Welcome to Geeks Vs Loneliness. This is the spot where we just take time out to talk about some of the issues and challenges that many of us are facing. Not every article will apply to every person, but we hope that within most of them, there’s a tip, or just something, that may be of help. We never have magic wands, but if you’re worried about yourself, or a friend or family member, hopefully there’s something of use we can do.
This week, we’re handing the column over to Esther Dark. Esther has fought her way back from anorexia, and freely admits she’s still not quite there. But she’s made significant progress over the past months, and penned this piece for us. Over to you, Esther…
Are we all naturally creatures of habit? No matter how much we try to break away from routines, why do we always end up ordering our usual at Starbucks, standing in the same spot on the platform every morning and rocking the same haircut since the 90s, always defaulting to the same old lifestyle and thought patterns and never changing our ways?
As someone recovering from anorexia, the idea of change for me has often felt terrifying, intimidating and overwhelming. Anorexia is full of rituals, patterns and daily routines which make me feel safe and in control. Ironically, it has been those brave decisions to make changes in my life that are always avoided at all costs. Opportunities that could set me free and keep me moving forward have always been the hardest to follow through.
Feeling stuck, trapped…? The fear of the unknown can stop us from going out of our way to make changes, which will bring greater freedom in our lives. If only we could all feel loved, fulfilled by all and live in ease and comfort happily ever after, without ever making one difficult decision.
Unfortunately, this is not reality, putting feelings of fulfilment and love aside, decisions are part of the fabric of our lives. Every day we have the choice to make a change – our lives do not get better by chance, they get better through change. Recovery from any mental health illness is sometimes saying enough is enough, taking charge over your life and making change.
Change is never straightforward, but here some tips on making changes which have helped me in my own recovery from a mental health illness.
Making positive changes isn’t about transforming yourself to be like somebody else. Striving to please others is suffocating and exhausting. Instead of trying desperately to recreate yourself to please others, focus instead on changing your mindset. Following others’ lifestyle choices even though they are inspirational or modelling yourself on your favourite popstar, in my case Taylor Swift, will not bring you any greater degree of happiness or freedom: it is a change of attitude and perspective that will enable us to live the lives we were meant to have.
Accepting myself for who I am, being at peace with my body, understanding my skills and talents, rather than always trying to modify and shape myself into how I think I should be or live up to the unrealistic expectations that I put upon myself, is key to freedom.
Practice makes perfect
I remember the first time I went out for a drink at a coffee shop during my recovery. Not a black coffee or a decaf green tea, a real milky latte. I was nervous, anxious and worried to say the least.
However, as I made going out for a coffee with a trusted friend or family member a regular thing, the power of fear and worry was loosened and now it has become normal to suggest going for coffee. Just like riding a bike for the first time, at first you’re not full of confidence or self-belief. Doing something new on a regular basis, will feel awkward and uneasy to begin with, but after doing it once it will get easier and you’ll begin to realise that you are far more capable than you imagine. Gaining confidence from the success of these little changes gives me the inspiration to tackle even bigger challenges.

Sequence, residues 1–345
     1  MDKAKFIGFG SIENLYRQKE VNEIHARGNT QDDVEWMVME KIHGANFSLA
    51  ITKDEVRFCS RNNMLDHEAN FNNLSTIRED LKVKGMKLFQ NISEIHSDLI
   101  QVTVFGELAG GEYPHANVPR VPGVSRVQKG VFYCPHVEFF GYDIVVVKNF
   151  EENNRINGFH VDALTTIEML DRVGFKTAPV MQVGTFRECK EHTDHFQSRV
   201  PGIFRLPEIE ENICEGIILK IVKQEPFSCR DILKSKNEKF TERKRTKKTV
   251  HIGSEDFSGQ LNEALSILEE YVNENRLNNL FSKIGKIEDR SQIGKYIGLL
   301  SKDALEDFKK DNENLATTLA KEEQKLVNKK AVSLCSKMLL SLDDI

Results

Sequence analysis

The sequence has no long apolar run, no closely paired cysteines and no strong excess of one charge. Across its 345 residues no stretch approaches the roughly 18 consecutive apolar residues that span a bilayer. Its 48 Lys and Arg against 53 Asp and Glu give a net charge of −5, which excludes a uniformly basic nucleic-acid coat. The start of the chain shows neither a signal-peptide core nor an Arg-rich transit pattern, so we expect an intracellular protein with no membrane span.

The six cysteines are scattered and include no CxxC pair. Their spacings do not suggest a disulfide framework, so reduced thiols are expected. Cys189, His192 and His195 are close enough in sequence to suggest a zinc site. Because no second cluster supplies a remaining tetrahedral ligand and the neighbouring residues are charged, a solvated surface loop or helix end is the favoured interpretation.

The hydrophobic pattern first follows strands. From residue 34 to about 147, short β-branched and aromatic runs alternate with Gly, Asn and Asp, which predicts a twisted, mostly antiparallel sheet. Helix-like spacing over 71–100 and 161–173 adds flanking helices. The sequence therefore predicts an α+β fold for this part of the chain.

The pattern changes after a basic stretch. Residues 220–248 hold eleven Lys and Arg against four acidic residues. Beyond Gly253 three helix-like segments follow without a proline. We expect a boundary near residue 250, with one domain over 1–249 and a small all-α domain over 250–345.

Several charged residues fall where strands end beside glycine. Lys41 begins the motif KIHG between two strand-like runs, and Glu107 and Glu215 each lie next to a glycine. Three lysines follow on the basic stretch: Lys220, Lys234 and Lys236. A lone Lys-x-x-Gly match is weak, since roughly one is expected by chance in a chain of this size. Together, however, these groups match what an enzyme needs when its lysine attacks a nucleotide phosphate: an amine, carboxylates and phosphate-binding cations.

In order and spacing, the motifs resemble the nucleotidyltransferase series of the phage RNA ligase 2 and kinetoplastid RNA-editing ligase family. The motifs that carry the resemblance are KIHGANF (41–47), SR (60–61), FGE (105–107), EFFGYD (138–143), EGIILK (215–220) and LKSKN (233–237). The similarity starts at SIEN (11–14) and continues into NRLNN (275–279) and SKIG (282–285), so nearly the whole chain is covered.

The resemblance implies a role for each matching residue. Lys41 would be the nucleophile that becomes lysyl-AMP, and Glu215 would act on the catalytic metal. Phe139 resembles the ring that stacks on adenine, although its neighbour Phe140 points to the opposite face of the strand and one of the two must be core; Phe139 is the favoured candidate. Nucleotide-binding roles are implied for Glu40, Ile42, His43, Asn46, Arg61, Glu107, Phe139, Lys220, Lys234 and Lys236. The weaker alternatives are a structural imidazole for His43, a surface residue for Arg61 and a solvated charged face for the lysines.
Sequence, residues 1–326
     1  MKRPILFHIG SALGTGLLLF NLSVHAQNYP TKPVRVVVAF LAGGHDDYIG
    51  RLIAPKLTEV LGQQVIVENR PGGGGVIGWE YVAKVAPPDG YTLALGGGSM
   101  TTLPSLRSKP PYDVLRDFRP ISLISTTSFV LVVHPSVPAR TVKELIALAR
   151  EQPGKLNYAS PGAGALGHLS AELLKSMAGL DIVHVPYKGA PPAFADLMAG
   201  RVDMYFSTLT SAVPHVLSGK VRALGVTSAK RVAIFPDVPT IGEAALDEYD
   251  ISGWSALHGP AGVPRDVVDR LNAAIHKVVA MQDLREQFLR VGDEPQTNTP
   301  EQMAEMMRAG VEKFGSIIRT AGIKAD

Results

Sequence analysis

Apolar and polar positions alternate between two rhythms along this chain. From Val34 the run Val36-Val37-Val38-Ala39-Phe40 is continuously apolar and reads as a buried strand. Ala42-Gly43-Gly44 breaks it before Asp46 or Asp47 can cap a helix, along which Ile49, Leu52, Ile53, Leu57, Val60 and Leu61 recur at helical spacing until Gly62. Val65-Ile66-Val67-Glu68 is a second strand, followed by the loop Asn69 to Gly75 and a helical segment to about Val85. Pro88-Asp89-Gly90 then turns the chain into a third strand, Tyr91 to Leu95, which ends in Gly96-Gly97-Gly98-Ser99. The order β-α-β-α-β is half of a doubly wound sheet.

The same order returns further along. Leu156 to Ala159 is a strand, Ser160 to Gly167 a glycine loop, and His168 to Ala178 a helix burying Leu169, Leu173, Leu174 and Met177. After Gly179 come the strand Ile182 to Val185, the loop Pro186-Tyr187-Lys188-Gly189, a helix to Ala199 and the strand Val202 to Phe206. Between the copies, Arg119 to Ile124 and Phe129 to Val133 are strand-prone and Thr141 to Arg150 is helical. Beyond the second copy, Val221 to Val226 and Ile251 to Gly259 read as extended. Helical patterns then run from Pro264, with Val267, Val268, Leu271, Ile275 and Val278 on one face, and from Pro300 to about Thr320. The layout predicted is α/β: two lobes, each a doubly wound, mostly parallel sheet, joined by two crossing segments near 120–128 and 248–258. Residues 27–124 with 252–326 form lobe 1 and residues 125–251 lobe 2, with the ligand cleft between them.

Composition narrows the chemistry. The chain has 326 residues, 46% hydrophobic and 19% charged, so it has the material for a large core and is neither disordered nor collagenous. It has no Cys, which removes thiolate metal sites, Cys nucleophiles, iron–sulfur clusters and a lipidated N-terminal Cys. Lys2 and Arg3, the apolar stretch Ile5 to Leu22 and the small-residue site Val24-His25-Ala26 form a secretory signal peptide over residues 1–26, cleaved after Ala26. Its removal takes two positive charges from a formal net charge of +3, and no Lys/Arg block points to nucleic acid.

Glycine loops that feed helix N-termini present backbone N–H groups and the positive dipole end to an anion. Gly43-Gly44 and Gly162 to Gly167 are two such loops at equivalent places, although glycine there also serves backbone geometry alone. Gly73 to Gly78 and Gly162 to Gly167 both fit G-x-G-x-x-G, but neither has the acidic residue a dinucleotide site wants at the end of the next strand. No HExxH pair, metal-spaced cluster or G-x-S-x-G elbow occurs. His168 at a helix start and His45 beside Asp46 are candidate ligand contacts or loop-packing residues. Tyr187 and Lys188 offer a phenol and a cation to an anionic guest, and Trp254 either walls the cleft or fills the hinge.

Don’t run before you can walk
Clichéd and overused, yet this statement has been so helpful when making changes in my own recovery. I have lightbulb moments in my recovery and suddenly want to, as if it’s a click of the fingers, get better in an instant. To eat out without flinching and never once worrying about food ever again.
But when it’s broken down, all of the changes to get to that point can seem overwhelming and impossible and the likelihood is I will tend to give up before even beginning. Change will never be accomplished overnight. Making one small miniscule change won’t change your life and your efforts may go unnoticed by others, but it is one baby step closer to recovery than the place you were in before.
Be open minded
“Do you want to go for a meal?”
In response to these daunting, overwhelming questions, I try and take a moment to breathe and override my first instinctive reaction to run away and instead try and embrace the challenge as an opportunity to learn and grow. Change may not always turn out how I intended or planned, but with support and reflection, mistakes can often be important ways to learn and grown from. As they say, no one ever learnt to ride a bike without falling off – or more importantly getting back on again.
The reward is great
If you can try to make the difficult decisions to be brave, step out, sacrifice destructive thought patterns or behaviours and make change, you can bring colour and vibrancy back into your life, instead of feeling like life is dull, grey and on repeat.
I’m not 100% recovered or “there” yet, wherever there is, but I am making small, manageable steps towards my goal every day, colouring in the grey parts of my life.
Esther Dark is a Digital Champion with YoungMinds. YoungMinds is the UK’s leading charity committed to improving the emotional wellbeing and mental health of children and young people.